The number of citations held in the PubMed database currently numbers more than 22 million. The reverse PubMed search program is a search and retrieval method that returns ideas for further research from search results instead of results from ideas. It can conduct a preliminary search for connections between two papers and return both the relationships and a table of values that helps determine each one's significance. The data collected from a run shows that this program can differentiate between relationships that are relevant to both research papers and those that are not. When the number of matches per word was greater than two, the word was likely to have a strong link to both subjects and hold a more significant connection. When the number of matches was two or less, the word was not likely to be related to science. When the frequency of unique words matched per two-paper dataset was high, the two papers were only similar. The program corrects for spelling and tenses of words and removes meaningless numerical text and stop words. This program was also able to find relationships that are potentially useful to students and researchers. Two papers on lung cancer and schizophrenia were related through cannabidiol because it was considered a treatment for schizophrenia and because it could inhibit lung cancer cell invasion. Researchers could use this information to investigate some of cannabidiol's biological and chemical mechanisms to explain why this relationship occurred or why it should not. The program still can be improved for better sensitivity and efficiency. When used in coordination with other search programs, it is another unique lens by which people can view and analyze data.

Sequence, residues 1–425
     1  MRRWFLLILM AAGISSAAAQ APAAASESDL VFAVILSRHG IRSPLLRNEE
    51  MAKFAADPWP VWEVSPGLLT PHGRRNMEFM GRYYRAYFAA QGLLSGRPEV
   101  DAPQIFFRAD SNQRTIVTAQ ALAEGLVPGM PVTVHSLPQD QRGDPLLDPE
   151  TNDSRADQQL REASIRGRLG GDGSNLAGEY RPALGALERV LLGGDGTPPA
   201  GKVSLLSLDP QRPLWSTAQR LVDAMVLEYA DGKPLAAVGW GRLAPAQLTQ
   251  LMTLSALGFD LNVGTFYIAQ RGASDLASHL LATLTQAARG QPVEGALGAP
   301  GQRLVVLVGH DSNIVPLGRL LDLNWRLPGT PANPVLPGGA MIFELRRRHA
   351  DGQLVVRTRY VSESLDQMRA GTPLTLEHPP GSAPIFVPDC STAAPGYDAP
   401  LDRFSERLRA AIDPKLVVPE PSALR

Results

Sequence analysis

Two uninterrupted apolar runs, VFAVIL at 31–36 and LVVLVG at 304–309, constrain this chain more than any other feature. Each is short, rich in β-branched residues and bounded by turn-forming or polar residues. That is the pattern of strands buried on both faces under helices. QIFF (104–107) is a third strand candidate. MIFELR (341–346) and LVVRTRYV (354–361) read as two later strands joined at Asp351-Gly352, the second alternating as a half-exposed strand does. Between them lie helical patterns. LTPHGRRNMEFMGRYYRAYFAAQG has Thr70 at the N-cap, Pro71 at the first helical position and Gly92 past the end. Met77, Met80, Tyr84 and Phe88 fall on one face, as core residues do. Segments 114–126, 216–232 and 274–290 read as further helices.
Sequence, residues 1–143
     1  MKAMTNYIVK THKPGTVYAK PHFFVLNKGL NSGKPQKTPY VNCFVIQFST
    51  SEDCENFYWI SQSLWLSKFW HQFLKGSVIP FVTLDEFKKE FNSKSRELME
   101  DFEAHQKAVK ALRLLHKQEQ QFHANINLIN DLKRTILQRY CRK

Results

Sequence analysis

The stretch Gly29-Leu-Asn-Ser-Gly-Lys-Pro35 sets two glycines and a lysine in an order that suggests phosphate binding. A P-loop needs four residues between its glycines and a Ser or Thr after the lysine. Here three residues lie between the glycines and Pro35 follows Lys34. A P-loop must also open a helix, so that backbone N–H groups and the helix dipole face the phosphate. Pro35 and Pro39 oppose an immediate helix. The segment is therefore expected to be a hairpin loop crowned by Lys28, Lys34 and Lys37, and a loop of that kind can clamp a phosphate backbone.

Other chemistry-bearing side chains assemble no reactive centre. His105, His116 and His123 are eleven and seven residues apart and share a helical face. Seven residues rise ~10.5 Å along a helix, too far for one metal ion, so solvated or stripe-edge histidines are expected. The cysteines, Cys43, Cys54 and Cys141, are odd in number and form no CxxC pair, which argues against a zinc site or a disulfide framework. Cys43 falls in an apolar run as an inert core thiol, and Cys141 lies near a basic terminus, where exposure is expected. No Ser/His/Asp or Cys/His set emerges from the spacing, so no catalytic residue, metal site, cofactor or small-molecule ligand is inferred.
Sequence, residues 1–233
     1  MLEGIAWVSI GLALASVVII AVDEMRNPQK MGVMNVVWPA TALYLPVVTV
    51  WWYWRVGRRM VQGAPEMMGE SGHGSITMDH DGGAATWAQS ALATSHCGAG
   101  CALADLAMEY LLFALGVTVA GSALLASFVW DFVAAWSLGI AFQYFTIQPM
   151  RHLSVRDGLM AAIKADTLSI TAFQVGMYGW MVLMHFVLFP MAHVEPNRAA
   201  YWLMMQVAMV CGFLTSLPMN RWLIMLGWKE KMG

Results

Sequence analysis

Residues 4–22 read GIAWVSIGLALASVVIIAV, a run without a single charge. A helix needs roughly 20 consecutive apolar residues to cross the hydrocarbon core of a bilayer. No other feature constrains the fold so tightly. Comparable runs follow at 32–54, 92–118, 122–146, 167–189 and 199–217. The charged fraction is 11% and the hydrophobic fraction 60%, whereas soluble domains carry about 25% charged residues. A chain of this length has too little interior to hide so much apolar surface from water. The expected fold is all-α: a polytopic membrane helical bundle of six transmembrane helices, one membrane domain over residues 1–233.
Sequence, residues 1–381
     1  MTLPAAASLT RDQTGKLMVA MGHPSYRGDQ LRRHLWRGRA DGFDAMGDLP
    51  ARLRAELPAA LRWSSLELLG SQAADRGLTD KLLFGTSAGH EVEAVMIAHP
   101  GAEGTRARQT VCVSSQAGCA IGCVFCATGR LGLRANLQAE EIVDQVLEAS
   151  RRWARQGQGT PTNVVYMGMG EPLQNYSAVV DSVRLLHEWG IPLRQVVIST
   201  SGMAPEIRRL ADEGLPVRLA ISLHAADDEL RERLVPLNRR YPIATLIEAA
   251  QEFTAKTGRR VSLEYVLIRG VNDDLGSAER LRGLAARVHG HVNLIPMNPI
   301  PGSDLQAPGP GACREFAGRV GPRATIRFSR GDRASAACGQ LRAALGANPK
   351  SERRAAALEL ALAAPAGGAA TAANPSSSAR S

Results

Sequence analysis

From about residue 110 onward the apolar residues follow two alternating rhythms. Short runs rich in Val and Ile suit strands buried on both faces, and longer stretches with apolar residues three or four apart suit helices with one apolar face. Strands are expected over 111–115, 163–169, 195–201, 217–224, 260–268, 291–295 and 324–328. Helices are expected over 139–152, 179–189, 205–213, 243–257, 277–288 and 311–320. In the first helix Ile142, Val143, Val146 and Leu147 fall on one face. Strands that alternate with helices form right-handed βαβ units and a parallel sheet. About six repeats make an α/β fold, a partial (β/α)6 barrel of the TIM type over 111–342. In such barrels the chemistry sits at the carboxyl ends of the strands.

Oracle Academy: Award of $5,000 for outstanding project in the systems software category.